Sonia Gandhi is viewed by left-liberals as a leader who successfully took on the Bharatiya Janata Party and ruled the country for 10 years (let’s drop all pretence; she called the shots, the then Prime Minister Manmohan Singh being putty in her hands). Her saffron detractors, on the other hand, accuse her of enjoying power without responsibility and presiding over arguably the most corrupt regime Independent India has ever seen. Her real imprint, however, pertained to four feats: keeping the Nehruvian legacy alive; ensuring that the Congress remained a fiefdom of the Nehru-Gandhi dynasty; reviving informal tie-up with left-wing fellow-travellers; and resuscitating socialism.

Sympathetic commentators have portrayed Sonia Gandhi as a bereaved widow reluctantly taking charge of the Congress when all was lost. But this narrative should be taken with more than a pinch of salt, for while she took over the grand old party in 1998, she was never inactive politically. For instance, after the demolition of the Babri Masjid on 6 December 1992, she had condemned the incident—undoubtedly a very political move.

She was never out of the reckoning. Senior party leaders were continuously in touch with her, many of them beseeching her to get actively engaged in politics. Many a foreign dignitary paid a visit to her, anticipating an important role she might play in the future. They were right; she did.

When she took the plunge, she not only leaned towards just the Left Front, whose outside support was crucial for the United Progressive Alliance government for four years (2004-08), but also fraternised with salon socialists, professional revolutionaries, sundry activists, and green nuts. This rainbow coalition was to play a significant role in discrediting the Atal Behari Vajpayee government (1998-2004) and later, when she became powerful, mould economic policy. Once she took charge, free market principles took the backseat and Nehruvian socialism came back on the bandwagon of a myriad of entitlements like the rural job guarantee scheme and the food security law.

She also promoted Rahul Gandhi, making it evident that he would be the inheritor of the party. Her wish has been fulfilled: he is now party president. The fortunes of the Dynasty have been restored—interestingly, not against the aspirations of the top brass.

Sonia Gandhi’s third feat, an informal alliance with fellow-travellers, has had baleful consequences for the country’s economy and prosperity. In a way, history repeated itself. In the late 1960s, her mother-in-law, Indira Gandhi, had got pally with the Communist Party of India (which became her ally and remained so till 1970) and left-leaning intellectuals.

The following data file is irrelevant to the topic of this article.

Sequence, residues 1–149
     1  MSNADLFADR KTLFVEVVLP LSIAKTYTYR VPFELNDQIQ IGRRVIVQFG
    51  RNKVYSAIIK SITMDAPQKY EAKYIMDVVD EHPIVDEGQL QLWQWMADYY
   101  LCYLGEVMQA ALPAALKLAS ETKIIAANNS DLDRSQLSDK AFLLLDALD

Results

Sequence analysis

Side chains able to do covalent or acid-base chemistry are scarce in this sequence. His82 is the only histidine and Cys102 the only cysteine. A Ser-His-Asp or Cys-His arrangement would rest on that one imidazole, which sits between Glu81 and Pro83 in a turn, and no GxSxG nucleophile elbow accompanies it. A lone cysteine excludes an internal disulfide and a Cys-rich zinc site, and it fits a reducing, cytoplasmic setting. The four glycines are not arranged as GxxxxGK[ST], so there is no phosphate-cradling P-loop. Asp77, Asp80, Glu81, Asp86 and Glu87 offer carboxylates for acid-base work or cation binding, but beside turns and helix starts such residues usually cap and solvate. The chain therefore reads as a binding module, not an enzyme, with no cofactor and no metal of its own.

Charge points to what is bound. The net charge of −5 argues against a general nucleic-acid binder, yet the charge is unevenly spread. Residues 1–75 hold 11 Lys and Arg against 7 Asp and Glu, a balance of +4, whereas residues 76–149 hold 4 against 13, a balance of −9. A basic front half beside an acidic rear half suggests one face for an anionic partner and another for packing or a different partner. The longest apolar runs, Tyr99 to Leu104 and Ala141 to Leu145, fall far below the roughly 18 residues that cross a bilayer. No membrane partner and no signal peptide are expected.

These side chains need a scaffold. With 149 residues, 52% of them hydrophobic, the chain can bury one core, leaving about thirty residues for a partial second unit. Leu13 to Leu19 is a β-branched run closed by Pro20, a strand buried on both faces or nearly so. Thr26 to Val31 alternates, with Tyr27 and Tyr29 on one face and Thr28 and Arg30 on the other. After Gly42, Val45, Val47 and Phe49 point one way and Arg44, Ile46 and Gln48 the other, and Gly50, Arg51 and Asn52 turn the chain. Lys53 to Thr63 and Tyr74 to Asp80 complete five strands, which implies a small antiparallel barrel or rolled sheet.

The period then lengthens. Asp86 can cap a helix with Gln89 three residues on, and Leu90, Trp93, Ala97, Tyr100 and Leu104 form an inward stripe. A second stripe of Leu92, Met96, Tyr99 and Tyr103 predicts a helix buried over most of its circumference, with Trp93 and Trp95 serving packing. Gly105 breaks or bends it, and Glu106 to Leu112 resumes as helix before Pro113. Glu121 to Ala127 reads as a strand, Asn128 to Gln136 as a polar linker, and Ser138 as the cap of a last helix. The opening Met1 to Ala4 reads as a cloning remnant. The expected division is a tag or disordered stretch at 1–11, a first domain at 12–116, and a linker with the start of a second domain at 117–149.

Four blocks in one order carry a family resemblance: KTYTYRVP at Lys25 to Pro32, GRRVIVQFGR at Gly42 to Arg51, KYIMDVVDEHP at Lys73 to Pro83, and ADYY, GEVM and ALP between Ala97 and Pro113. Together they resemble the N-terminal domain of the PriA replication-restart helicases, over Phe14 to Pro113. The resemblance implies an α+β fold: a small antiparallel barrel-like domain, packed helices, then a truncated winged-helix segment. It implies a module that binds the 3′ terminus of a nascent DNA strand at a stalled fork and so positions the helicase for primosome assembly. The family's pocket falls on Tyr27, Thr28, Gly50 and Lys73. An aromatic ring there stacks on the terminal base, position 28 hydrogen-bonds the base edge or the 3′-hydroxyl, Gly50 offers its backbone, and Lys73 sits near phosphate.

Till the mid-1960s, the failure of command economy had become evident to all save the hardcore leftists. Lal Bahadur Shastri, a pragmatic man and non-doctrinaire politician, had acknowledged that and taken some steps to discard the worst features of statist policy. However, his untimely death and the ascension of Indira Gandhi as Prime Minister aborted any move towards liberalisation. The politically weak Indira Gandhi sought and got the support of not just the CPI, but also of parlour pinks. They allied to cure socialism with more socialism.

The alliance proved to be symbiotic: she not only received the left’s support, but also gained huge popularity by nationalising banks and insurance companies and augmenting the tax incidence; pinkish intellectuals got entrenched in academics and other opinion-making institutions. It was a win-win proposition for Indira Gandhi and the left—and a disaster for the economy. The oil shocks of 1973 made the situation worse. A sagging economy, high inflation, and an army of jobless youngsters made the political situation volatile, leading to the Emergency and, finally, her ouster in 1977.

Sonia Gandhi, too, embraced the left (and now this also included the CPM) and professional radicals. The entire left—in the wilderness for one and a half decades which witnessed the fall of the Berlin Wall, the demise of the Soviet Union, and the abomination called liberalisation (from their perspective)—came back with a vengeance. Not only bolder reforming measures like privatisation were rolled back, but landmines were laid in the economic policy—the landmines like revenue-guzzling rural job guarantee scheme and the forest rights law which the Narendra Modi regime wants to steer clear of.

The term “profiteering”, which was of the pre-1991 vintage, made a comeback; and it is still an idea that rules, even though Sonia Gandhi doesn’t. Recently, the Modi government constituted the National Anti-profiteering Authority to ensure that GST rate cuts get transferred to the consumer.

This is the sorry legacy of Sonia Gandhi, a legacy that even PM Modi is unable to shrug off. To paraphrase Shakespeare, the evil that politicians do lives after them, while the good is oft interred with their bones.

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